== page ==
THE INSPIRATION FOR THE NEW NETFLIX SERIES 'It's not often that a life-changing book falls into one's lap ... Yet Michael Pollan's Cooked is one of them.' SundayTelegraph'This is a love song to old, slow kitchen skills at their delicious best' Kathryn Huges, GUARDIAN BOOKS OF THE YEARThe New York Times Top Five Bestseller - Michael Pollan's uniquely enjoyable quest to understand the transformative magic of cookingMichael Pollan's Cooked takes us back to basics and first principles: cooking with fire, with water, with air and with earth.Meeting cooks from all over the world, who share their wisdom and stories, Pollan shows how cooking is at the heart of our culture and that when it gets down to it, it also fundamentally shapes our lives.Filled with fascinating facts and curious, mouthwatering tales from cast of eccentrics, Cooked explores the deepest mysteries of how and why we cook.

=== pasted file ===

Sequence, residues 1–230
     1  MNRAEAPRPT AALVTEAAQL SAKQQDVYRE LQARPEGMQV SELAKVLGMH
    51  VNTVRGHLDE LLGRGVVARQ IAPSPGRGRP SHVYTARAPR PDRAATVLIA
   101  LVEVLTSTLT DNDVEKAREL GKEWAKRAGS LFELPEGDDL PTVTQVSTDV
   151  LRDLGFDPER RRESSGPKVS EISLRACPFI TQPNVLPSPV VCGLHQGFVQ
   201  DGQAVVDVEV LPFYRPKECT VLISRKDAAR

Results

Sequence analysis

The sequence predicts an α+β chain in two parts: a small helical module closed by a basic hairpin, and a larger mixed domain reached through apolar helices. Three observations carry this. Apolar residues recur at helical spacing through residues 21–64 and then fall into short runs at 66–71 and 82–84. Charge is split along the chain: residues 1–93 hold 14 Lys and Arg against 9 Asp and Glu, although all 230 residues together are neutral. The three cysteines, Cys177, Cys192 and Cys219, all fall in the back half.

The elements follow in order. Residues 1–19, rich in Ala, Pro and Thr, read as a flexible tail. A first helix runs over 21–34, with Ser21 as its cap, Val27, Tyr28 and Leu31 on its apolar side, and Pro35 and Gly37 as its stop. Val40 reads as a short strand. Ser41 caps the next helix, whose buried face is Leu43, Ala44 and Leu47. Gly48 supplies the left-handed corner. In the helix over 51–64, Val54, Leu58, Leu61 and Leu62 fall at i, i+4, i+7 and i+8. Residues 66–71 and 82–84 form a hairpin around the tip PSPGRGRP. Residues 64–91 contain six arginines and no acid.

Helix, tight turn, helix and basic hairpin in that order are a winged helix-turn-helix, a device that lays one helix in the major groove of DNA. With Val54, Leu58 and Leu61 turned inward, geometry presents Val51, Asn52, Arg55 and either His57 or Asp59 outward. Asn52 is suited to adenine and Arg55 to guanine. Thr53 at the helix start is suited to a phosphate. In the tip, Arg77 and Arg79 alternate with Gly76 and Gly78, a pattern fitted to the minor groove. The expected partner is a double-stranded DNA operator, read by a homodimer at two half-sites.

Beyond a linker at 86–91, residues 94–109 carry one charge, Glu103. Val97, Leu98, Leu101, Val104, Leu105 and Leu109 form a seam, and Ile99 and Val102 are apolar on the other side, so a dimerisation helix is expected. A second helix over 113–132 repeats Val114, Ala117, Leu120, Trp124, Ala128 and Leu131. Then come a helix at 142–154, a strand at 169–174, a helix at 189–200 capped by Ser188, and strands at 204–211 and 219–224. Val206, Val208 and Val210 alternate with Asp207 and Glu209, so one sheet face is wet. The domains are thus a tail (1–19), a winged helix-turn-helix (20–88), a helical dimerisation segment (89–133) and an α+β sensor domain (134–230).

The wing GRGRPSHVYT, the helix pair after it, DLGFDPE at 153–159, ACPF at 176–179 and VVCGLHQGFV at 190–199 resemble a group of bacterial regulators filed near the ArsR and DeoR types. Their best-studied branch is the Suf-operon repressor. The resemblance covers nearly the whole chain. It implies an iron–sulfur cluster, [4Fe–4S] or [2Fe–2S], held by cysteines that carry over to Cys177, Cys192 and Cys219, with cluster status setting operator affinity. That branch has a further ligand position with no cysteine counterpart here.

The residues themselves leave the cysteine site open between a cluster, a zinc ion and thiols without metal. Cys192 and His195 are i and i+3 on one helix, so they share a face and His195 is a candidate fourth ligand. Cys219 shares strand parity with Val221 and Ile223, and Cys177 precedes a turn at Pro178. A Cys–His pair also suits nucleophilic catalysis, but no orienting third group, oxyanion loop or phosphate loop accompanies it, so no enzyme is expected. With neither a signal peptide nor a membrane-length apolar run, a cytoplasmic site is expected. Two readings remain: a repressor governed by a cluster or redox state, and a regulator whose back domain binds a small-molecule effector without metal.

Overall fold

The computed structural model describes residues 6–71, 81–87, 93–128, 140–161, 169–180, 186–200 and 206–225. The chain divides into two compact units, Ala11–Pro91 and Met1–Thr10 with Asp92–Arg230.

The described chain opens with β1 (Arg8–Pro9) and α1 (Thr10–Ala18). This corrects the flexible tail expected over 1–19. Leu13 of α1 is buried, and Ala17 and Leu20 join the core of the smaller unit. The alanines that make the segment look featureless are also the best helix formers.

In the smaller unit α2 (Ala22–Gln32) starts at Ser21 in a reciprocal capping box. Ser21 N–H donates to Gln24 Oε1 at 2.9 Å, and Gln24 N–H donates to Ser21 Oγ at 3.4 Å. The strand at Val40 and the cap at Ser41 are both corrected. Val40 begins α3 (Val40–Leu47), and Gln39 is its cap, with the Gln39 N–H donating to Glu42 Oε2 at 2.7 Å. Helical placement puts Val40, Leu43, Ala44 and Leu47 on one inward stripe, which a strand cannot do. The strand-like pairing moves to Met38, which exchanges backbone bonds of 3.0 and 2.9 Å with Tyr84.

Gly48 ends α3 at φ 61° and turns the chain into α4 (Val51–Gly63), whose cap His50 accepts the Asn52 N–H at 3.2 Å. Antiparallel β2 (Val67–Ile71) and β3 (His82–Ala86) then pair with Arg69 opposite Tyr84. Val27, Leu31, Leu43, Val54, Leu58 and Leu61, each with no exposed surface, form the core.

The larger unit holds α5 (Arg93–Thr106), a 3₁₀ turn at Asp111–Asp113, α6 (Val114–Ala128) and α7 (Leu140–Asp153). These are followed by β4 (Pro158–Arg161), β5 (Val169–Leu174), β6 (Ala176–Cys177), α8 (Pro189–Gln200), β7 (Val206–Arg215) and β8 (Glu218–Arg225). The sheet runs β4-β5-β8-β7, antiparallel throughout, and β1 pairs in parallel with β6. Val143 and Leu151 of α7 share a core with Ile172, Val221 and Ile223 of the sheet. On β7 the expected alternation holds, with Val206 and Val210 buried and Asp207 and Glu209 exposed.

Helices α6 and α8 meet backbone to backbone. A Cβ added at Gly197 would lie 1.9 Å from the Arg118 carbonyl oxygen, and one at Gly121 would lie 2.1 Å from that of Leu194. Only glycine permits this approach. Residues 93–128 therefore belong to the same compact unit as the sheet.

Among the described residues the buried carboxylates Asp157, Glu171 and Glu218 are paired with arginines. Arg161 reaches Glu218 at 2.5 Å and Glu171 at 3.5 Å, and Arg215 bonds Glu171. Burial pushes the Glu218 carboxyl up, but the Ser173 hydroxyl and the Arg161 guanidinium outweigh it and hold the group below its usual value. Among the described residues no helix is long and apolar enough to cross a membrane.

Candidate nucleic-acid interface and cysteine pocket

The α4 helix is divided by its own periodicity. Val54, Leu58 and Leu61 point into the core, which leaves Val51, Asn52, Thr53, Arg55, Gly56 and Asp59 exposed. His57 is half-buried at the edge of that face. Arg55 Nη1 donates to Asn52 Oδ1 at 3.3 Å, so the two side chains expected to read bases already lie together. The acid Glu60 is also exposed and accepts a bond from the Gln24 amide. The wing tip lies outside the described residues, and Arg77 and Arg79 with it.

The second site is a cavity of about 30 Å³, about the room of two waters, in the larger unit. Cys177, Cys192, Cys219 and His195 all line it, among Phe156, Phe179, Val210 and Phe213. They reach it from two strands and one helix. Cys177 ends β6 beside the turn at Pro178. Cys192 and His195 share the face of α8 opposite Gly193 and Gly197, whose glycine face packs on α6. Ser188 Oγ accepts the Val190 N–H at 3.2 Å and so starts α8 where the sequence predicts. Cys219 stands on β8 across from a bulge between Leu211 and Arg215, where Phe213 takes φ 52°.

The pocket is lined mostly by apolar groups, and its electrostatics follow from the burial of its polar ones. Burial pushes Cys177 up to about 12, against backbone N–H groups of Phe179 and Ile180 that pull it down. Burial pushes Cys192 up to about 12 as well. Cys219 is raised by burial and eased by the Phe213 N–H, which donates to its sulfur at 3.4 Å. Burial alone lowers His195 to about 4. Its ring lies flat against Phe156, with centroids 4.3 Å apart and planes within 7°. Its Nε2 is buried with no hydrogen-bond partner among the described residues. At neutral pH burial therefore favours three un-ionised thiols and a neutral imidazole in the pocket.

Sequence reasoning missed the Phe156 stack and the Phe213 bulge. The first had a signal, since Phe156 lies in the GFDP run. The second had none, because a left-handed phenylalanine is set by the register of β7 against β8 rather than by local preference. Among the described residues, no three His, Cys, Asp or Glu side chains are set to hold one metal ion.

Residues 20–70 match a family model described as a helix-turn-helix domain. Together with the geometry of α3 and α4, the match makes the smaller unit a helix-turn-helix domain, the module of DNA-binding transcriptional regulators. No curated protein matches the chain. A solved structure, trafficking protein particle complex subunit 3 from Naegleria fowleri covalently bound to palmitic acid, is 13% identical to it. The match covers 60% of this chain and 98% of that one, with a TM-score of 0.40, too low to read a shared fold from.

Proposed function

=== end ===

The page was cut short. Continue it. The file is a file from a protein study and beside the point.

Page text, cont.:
It's not often that a life-changing book falls into one's lap ... Yet Michael Pollan's Cooked is one of them. One it's impossible to read and not act on ... Embrace bacteria, cook thoughtfully and slow, and taste some of the most luscious food you've ever eaten, this powerful book says. And do it for the people you love as well as the invisible soldiers inside you who are fighting to keep you strong. Cooked is a book of revelations for today's hungry human animal. Be changed by it * Sunday Telegraph * In Cooked, Pollan continues his campaign to get us to eat properly and pleasurably by making meals from scratch ... a warm, thoughtful narrative in which Pollan encounters everything from a surfing baker who makes the perfect sourdough to a cheese-making nun. This is a love song to old, slow kitchen skills at their delicious best -- Kathryn Hughes * Guardian BOOKS OF THE YEAR * [A] rare, ranging breed of narrative that manages to do all ... In Pollan's dexterous hands, we get the science, the history, the inspiration, ultimately the recipe. What feels like all of it. It doesn't hurt that he also happens to be very funny * Boston Globe * Pollan's book is many things, among them a memoir of learning to master the absolute basics of culinary creation: fire, water, air and earth. As Pollan chats with cheesemaking nuns and discovers Walt Whitman's views on composting, he reminds us that cooking used to be all about connection - with the world around us, with other times and cultures, and with those we cook for ... this book [is] both approachable and rewarding -- Hephzibah Anderson * Prospect * As in The Omnivore's Dilemma, Pollan is never less than delightful, full of curiosity, insight, and good humor. This is a book to be read, savoured, and smudged with spatterings of olive oil, wine, butter, and the sulfuric streaks of chopped onion * Outside * Pollan eloquently explains how grilling with fire, braising (water), baking bread (air), and fermented foods (earth) have impacted our health and culture ... Engaging and enlightening * Publishers Weekly * A thoughtful meditation on cooking that is both difficult to categorize and uniquely, inimitably his ... Intensely focused yet wide ranging, beautifully written, thought provoking, and, yes, fun, Pollan's latest is not to be missed by those interested in how, why, or what we cook and eat * Library Journal * Having described what's wrong with American food in his best-selling The Omnivore's Dilemma (2006), New York Times contributor Pollan delivers a more optimistic but equally fascinating account of how to do it right ... A delightful chronicle of the education of a cook who steps back frequently to extol the scientific and philosophical basis of this deeply satisfying human activity * Booklist * [Pollan] explores the same way a naturalist might, by studing the animals, plants and microbes involved in cooking, and delving into history, culture and chemistry ... he describes the remarkable transformations that take place in the humble saucepan ... Side by side with Mr Pollan the naturalist is the author as activist ... his book is a hymn to why people should be enticed back into the kitchen * Economist * Delicious -- Jay Rayner * Guardian *